Sue Miller was born in Chicago in 1943. She is the bestselling author of several novels including The Good Mother, Inventing the Abbotts, The Lake Shore Limited, The Arsonist and the acclaimed memoir The Story of My Father.
She serves as the chair of PEN, New England. Sue Miller is now a professor at Smith College in Northampton, Massachusetts, where she teaches creative writing classes.
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An Interview with Sue Miller
Since The Good Mother was published in 1986, your novels
have chronicled a tumultuous time in American family life. What's drawn you to
Probably the tumult itself. I think it's fair to say that's what a fiction writer is most often drawn to -- tumult of one kind or another; and in that sense the family in the last quarter century seems to me to be among the most fascinating of human social or economic inventions--more than business or real estate, no matter what Tom Wolfe says, more than the church or the law or the hospital. It is of course, open to and impinged on by all of those -- another great draw for the writer -- and also by belief and passion and irrationality and need.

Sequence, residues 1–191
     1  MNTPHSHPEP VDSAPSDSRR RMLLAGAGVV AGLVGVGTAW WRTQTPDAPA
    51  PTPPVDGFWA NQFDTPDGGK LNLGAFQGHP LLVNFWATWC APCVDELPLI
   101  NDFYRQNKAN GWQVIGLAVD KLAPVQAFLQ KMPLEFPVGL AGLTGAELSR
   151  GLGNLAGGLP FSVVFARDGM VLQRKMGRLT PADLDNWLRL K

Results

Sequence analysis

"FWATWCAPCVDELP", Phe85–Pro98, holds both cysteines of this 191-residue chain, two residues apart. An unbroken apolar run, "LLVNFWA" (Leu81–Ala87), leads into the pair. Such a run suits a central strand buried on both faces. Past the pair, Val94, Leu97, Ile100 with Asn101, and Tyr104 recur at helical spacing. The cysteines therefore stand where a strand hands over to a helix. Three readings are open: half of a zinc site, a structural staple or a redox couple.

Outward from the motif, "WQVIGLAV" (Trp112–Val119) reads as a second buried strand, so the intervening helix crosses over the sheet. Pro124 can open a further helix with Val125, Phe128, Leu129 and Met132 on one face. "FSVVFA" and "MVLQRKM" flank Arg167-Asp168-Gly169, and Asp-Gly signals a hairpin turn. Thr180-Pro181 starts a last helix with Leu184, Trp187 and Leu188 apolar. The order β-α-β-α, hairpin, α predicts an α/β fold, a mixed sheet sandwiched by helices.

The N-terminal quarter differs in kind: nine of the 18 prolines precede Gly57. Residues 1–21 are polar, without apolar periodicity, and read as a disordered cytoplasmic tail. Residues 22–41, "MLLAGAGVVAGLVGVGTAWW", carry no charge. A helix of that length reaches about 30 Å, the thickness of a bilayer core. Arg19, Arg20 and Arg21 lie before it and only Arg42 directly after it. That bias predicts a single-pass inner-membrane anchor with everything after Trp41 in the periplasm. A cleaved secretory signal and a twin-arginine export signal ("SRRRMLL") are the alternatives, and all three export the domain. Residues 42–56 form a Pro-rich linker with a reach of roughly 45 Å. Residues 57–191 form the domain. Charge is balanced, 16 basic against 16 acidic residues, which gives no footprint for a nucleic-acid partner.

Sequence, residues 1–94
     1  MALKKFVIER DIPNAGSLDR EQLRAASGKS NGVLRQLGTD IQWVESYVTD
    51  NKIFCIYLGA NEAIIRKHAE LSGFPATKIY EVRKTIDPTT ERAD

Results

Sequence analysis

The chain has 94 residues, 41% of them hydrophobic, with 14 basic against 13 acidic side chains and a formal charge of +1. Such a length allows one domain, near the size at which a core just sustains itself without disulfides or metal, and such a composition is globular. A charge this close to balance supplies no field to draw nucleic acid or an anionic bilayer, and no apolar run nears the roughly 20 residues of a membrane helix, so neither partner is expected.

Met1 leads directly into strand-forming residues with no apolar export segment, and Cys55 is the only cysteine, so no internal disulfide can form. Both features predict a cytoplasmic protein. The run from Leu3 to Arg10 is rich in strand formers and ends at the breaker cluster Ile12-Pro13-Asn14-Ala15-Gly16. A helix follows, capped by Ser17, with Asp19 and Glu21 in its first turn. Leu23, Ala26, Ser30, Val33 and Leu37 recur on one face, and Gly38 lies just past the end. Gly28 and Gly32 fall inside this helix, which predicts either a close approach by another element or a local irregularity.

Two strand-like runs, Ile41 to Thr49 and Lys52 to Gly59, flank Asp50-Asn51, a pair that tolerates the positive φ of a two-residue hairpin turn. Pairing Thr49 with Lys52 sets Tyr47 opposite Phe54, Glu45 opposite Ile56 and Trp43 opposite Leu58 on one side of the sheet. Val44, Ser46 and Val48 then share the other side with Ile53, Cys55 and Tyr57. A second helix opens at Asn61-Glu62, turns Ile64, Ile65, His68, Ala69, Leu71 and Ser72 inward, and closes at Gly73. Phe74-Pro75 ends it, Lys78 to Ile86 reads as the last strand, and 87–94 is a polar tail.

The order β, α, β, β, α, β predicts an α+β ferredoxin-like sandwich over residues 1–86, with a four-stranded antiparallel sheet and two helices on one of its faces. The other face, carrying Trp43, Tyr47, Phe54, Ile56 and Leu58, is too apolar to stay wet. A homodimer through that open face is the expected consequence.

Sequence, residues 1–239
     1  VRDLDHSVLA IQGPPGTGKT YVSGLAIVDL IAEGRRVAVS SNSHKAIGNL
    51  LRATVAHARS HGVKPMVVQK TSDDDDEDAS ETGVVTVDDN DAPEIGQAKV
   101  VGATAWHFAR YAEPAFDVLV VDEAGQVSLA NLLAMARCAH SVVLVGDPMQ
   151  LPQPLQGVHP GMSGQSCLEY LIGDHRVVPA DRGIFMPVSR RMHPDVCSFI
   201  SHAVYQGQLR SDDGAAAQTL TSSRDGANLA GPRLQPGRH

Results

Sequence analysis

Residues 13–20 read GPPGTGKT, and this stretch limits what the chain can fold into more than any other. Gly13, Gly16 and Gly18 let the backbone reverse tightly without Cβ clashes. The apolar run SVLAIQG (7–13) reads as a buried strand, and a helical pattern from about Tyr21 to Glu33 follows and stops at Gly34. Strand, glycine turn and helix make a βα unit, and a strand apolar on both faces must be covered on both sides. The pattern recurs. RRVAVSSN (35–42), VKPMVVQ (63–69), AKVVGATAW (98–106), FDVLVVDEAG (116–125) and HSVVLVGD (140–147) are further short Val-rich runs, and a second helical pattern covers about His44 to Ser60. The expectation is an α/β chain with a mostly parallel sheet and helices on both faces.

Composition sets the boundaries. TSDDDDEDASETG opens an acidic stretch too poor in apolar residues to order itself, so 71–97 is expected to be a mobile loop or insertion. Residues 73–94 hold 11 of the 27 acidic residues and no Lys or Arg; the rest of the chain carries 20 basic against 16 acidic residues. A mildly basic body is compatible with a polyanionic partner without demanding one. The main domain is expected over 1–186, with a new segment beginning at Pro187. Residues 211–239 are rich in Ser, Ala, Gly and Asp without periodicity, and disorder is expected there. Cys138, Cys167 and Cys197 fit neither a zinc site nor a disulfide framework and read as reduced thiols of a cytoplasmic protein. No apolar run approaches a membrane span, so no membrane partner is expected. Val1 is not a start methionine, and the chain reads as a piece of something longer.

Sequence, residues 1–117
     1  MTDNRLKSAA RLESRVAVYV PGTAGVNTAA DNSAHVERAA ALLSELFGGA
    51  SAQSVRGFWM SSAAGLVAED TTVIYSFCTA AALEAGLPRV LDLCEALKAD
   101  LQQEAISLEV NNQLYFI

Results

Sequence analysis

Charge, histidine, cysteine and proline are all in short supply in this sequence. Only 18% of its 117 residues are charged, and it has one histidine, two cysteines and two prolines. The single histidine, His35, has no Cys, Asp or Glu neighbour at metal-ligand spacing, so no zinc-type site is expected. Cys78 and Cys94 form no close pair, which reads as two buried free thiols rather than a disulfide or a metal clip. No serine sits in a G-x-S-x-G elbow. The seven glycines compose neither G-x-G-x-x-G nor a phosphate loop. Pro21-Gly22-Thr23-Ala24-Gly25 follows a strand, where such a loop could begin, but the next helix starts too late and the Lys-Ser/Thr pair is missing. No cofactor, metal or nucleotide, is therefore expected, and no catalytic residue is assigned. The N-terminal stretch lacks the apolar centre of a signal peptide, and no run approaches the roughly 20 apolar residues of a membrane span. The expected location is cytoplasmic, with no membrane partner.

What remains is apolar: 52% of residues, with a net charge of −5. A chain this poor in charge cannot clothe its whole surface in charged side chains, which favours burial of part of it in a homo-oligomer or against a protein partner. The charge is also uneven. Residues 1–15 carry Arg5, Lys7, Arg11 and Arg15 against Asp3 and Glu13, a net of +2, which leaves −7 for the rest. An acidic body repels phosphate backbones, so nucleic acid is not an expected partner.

It seems both more fragile and more important an institution than it ever has been, more multifarious, more invented as it goes along, more necessary. It's been too easily dismissed as the subject or setting for serious fiction; American fiction in particular was for a while pleased to think it had moved beyond the family, left it behind as a kind of low topic, suited only to women and children. But it comes around, again and again, as it has throughout fiction's ...
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